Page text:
Butterfield endorses Davis for US House seat
Drew C. Wilson | Times file photo
State Sen. Don Davis, D-Greene, speaks during The Wilson Times’ 1st Congressional District candidate forum April 13 at Wilson Community College. U.S. Rep. G.K. Butterfield has endorsed Davis to succeed him in Congress.
Rep. G.K. Butterfield hopes voters in North Carolina’s 1st Congressional District will send state Sen. Don Davis to take his place in Washington.
Butterfield, D-Wilson, endorsed Davis on Monday as his preferred successor to the U.S. House seat he’s held for the past 18 years, shaking up the Democratic primary three days before the start of early voting in May 17 elections.
“I enthusiastically endorse Sen. Don Davis to replace me in the U.S. House of Representatives,” Butterfield said in a statement released by Davis campaign manager Emma Gore. “Having served in Congress for 18 years, I know what the people of the 1st District expect from their representative. Don has the legislative experience and is prepared to fight for the Democratic agenda of empowering America’s families and communities.”
Butterfield said the veteran, teacher and pastor from Greene County shares his key priorities.
I’m confident Don Davis will fight to protect voting rights, provide a safety net for those who have been left behind due to the pandemic and advocate for public-private partnerships to build much-needed infrastructure in the 1st District,” Butterfield said. “I respectfully ask all eligible voters to send Don Davis to Washington.”
Davis said he’s humbled to earn Butterfield’s support in the contest.
“Congressman Butterfield has spent his entire career tirelessly working for the families of eastern North Carolina,” he said ina Monday morning statement. “I am honored to gain his vote of confidence to lead us forward, making sure Washington hears our voices and that we get our fair share.”
Butterfield’s pivotal endorsement could turbocharge a campaign seeking to build on its first-quarter fundraising momentum. Davis hauled in $283,192, outpacing Democratic primary opponent Erica D. Smith’s $174,955.92 total from Jan. 1 through March 31, according to campaign finance reports filed with the Federal Elections Commission.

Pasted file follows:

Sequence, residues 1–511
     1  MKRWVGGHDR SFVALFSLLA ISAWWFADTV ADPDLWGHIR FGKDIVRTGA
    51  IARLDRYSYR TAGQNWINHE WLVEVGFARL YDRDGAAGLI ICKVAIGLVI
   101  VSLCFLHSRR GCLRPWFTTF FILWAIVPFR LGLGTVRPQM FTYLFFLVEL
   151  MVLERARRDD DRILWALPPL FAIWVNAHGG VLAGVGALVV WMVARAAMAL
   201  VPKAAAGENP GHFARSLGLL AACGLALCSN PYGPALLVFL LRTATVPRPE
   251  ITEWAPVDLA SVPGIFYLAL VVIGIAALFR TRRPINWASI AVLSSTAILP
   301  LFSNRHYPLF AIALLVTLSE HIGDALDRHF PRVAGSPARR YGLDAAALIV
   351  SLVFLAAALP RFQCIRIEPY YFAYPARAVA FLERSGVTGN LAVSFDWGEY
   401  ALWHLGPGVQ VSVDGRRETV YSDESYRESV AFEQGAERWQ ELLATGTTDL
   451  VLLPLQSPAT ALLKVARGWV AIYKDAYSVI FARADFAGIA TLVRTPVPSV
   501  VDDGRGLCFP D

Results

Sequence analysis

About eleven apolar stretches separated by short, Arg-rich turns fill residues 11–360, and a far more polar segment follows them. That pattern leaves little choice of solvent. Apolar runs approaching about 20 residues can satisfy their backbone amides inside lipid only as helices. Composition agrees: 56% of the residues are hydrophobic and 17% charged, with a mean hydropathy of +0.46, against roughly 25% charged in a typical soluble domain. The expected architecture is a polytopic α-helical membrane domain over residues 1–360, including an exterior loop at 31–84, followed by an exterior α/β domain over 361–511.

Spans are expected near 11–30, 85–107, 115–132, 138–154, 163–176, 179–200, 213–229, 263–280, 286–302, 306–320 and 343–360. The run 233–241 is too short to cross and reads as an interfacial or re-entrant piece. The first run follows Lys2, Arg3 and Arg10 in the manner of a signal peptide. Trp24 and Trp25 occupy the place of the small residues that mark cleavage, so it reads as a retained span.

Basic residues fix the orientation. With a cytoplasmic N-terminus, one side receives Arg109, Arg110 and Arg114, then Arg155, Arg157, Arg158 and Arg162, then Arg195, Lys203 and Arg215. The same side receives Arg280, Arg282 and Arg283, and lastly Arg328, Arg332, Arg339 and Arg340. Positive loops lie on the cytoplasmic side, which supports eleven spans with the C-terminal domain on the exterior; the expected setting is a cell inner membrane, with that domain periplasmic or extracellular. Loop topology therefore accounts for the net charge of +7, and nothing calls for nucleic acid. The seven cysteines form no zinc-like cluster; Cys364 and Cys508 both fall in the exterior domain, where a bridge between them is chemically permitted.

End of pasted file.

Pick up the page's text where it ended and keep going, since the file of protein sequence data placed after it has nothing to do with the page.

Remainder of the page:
Smith has raised more money overall, reporting $785,060.09 in total receipts for the election cycle compared to Davis’ total of $426,235.43 as of the mid-April reporting deadline. But she’s depleted much of that war chest, with FEC data showing $102,439.30 in remaining cash on hand. Davis’ campaign still had $323,825.38 in the bank at the quarter’s close.
Smith pledged to fight on in a Monday statement that acknowledges Butterfield’s choice, but says the decision ultimately belongs to the voters.
“Congressman Butterfield has served this district with distinction for almost 20 years, and any candidate would be proud to have his endorsement,” she said. “I congratulate Don Davis on securing his support.”
The May 17 primary will narrow the field and marshal Democratic support behind a consensus candidate, Smith noted, whoever that may be.
“We have elections, not coronations, for a reason,” she said. “While I’m honored to have the support of Sen. Elizabeth Warren, Congresswoman Katie Porter, over 15 PACs and organizations including Planned Parenthood Action Fund, Sunrise Movement, Higher Heights, Elect Black Women and the Collective PAC and more than 100 community leaders, including 20 local elected officials, at the end of the day, it’ll be the people of NC-01 who decide this election.”
While Smith’s camp struck a conciliatory note with Butterfield, her campaign manager, Morris Katz, came out swinging against Davis, calling him “out of touch with the Democratic Party” and saying voters should regard his record as disqualifying.
“Having voted in favor of a voter ID law that got struck down by the courts for targeting Black voters to voting to restrict access to reproductive health care and against Governor Cooper more than any other Democrat in the NCGA — the vast majority of voters are going to reject Don Davis and his dangerous record of selling out working families,” Katz said in a news release. “The polling we have seen shows Erica as the only candidate who can win a general election in NC-01. We believe that she will be the Democratic nominee and the next congressperson for NC-01.”
Davis and Smith face two opponents — Henderson City Councilman Jason Spriggs and Fayetteville State University professor Julian C. Bishop Sr. — in the Democratic primary. Neither Bishop nor Spriggs has reported any campaign contributions to the FEC.
Spriggs called the endorsement “inappropriate” in a Monday statement that expressed support for Smith and said Butterfield’s intervention in the contest marked “a very sad and disappointing day for women candidates and voters across North Carolina.”
“Not endorsing Erica, who’s given her all for years in pursuit of a federal seat, and who happens to be the only female candidate in our Democratic primary, is an assault on the fight for equity and equality,” Spriggs said. “Ms. Smith faced this same sexism, discrimination and lack of party support in her 2020 bid for Senate. The result: Democrats lost a valuable U.S. Senate seat.”
Spriggs stopped short of endorsing Smith over his own candidacy, but said his campaign is “speaking out in disappointment” due to “Congressman Butterfield’s inappropriate and biased endorsement of Sen. Don Davis.”
Editor's note: A previous version of this story listed an incorrect last name for Jason Spriggs, a Henderson city councilman and one of four candidates in the Democratic primary for the 1st Congressional District. Spriggs' name has been corrected in the version above. The Times regrets the error.
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